3.  "Landed without incident" implies no emergency; the pilots, however, were quoted as having declared an emergency after viewing the starboard engine.
4.  The well-remembered Hudson River crash landing suggests a motive for Delta Airlines to not report the  bird strike as a safety issue this time --the aircraft
was said to be "experiencing vibrations" and returned "as a precaution."
5.  The source of the statement above is not given.

SMAAC asked FAA MSP ATCT Manager Carl Rydeen for ATC details on 13 March 14 and a Reply was received March 19th.
« Last Edit: March 20, 2014, 08:12:50 PM by Forum Manager » Logged
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« Reply #3 on: March 20, 2014, 02:39:40 PM »
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In response to an email request, Mr. Rydeen replied as below:

On March 10, 2014, at approximately 0722 local time, Delta 309, a 737-832, departed Runway 30L at MSP enroute Punta Cana International Airport (PUJ). Crew immediately noticed a vibration in the aircraft and returned to MSP, landing without incident at 0820 local. The crew declared an emergency, which is a regulatory procedure.  Runway 30L was closed after take-off to clear any parts that may have separated on the aircraft, and the runway was closed again upon landing for another sweep.  At the time of landing, a piece of the outboard cowling on the right engine was noticed to be loose.  After landing the aircraft was towed to gate G13 with passengers on board.

The FAA's Delta Certificate Management Office (CMO), which provides regulatory oversight to the Delta Airlines certificate, is investigating this event, which is standard procedure. The investigation is still open, and at this time, no conclusions have been drawn.

If you wish to request a copy of the final report, you may do so through FOIA.  You may file your FOIA request at:  http://www.faa.gov/foia/foia_request/

Carl Rydeen
Terminal District  Manager (Acting)
Northern Planes District


1. Almost an hour went by before Flight 309 returned and landed.  MAC spokesman Pat Hogan said the delay was to burn off fuel, and Mr. Rydeen did not exactly report that R30L was used for the landing, but R30L was the only runway mentioned in the "swept, cleared" sentence. So there may have been two reasons for the damaged aircraft to fly around.  In any event, Delta and FAA made a determination that flying a damaged aircraft around for 45 or 50 minutes over the Metro area was safe. Per Rydeen, the emergency landing request was required by rule, not caution or flight issues.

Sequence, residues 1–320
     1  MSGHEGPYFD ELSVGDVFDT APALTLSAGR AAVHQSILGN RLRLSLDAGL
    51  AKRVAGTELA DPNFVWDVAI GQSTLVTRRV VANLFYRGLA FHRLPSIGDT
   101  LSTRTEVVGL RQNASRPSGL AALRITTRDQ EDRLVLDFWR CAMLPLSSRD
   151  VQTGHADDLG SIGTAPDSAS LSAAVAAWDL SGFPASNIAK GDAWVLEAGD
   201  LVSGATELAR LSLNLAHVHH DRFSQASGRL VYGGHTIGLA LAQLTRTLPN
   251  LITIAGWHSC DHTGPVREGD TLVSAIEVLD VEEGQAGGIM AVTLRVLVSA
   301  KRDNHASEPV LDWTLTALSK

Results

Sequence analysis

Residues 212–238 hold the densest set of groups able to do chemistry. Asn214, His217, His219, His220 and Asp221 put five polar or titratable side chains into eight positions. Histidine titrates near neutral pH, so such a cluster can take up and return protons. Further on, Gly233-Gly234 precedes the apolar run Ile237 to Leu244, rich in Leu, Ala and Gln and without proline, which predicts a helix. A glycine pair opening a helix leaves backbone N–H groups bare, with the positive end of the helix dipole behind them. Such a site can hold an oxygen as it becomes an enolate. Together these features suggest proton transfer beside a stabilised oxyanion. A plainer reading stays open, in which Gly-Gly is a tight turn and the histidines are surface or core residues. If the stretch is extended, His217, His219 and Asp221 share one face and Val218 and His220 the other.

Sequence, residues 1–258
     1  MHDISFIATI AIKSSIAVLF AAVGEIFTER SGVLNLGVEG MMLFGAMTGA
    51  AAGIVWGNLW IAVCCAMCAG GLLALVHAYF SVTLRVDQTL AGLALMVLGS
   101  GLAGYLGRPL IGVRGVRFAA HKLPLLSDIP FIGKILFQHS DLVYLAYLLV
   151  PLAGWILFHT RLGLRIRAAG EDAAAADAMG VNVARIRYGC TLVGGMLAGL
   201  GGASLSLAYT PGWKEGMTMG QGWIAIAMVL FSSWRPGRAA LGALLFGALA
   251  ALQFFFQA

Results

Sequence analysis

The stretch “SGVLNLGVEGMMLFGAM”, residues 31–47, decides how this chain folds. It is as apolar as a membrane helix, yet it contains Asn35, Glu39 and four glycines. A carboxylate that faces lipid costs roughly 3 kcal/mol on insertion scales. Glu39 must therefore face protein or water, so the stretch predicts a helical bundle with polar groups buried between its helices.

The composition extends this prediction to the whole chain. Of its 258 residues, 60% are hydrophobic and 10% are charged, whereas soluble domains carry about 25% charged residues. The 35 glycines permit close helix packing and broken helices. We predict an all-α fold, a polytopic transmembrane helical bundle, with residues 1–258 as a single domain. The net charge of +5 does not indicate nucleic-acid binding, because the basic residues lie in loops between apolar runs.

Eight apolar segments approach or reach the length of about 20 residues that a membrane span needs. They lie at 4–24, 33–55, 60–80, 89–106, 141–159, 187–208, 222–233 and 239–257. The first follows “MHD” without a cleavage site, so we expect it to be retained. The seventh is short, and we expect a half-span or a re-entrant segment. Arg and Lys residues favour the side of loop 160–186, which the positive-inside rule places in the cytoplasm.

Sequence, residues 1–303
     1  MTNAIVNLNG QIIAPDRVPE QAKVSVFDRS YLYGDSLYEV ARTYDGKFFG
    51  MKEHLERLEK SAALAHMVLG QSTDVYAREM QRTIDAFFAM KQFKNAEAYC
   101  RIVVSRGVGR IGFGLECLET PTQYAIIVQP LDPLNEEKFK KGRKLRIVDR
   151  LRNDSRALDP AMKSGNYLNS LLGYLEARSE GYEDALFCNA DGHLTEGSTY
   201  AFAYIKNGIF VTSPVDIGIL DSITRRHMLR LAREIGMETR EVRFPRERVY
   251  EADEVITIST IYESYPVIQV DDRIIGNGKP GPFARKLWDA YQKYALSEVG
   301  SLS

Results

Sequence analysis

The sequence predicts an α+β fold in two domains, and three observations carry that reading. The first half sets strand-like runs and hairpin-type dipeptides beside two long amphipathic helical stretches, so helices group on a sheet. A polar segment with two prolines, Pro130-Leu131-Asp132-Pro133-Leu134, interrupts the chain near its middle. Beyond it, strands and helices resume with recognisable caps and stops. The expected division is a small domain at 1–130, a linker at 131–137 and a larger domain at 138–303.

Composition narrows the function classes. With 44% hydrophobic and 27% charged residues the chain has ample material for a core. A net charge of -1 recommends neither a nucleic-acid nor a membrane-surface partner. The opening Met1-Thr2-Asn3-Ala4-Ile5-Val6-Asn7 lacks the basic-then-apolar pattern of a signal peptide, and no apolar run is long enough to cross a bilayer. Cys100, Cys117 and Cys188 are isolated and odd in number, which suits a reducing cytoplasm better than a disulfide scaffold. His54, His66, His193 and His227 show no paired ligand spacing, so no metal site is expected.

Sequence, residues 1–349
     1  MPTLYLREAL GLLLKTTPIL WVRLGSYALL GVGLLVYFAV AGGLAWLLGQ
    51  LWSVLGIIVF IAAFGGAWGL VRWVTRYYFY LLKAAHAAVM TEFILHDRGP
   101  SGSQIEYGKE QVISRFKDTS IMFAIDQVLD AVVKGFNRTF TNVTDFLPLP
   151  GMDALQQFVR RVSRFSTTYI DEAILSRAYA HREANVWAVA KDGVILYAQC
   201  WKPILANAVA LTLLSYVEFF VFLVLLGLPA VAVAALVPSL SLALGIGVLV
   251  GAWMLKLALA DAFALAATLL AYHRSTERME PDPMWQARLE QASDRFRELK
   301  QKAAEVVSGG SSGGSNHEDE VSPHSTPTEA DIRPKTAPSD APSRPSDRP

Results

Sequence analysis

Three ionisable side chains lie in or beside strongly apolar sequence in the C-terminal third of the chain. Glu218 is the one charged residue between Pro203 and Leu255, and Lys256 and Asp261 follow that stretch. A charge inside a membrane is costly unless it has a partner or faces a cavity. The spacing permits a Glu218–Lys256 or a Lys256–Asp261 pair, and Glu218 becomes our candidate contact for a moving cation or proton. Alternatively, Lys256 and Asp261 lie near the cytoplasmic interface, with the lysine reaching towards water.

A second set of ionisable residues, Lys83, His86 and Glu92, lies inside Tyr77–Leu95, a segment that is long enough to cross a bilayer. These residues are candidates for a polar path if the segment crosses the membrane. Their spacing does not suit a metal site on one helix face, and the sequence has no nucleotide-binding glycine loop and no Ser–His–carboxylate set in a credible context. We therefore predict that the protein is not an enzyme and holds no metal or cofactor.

2. At that time in the morning on March 10, more arrivals than departures, but some of each, would be using R30L, and if R30L were closed for an hour, there would have been some delays other than Flight 309, but fewer than if all runways were closed during the "emergency."
3. Towing the aircraft after its return would not much delay operations if the landing was on R30L.  This is another sign that the aircraft was airworthy.
4. No bird strike was mentioned, but an immediate inspection of the aircraft was not possible.
5. There is no mention of any parts (of the aircraft or anything else) found on the runway.  Or of any parts missing from the aircraft, as of yet. Seeing a loose part of the cowling (still attached to the aircraft) suggests a maintenance/pre-flight issue.  Earlier reports that the "cowling separated" from the aircraft seems closer to "fell off" than "loosened."
6. R30L was closed to sweep up any debris or parts. But before another operation and after the emergency was declared are not necessarily the same. An arrival may have been only a minute behind and already landed. Or perhaps an approach was aborted.  "Immediately" after departure is not quantitative with 5 MSP operations in 2 minutes going on...

Keep looking for pieces in Southwest Minneapolis and out that way.
« Last Edit: March 20, 2014, 08:16:28 PM by Forum Manager » Logged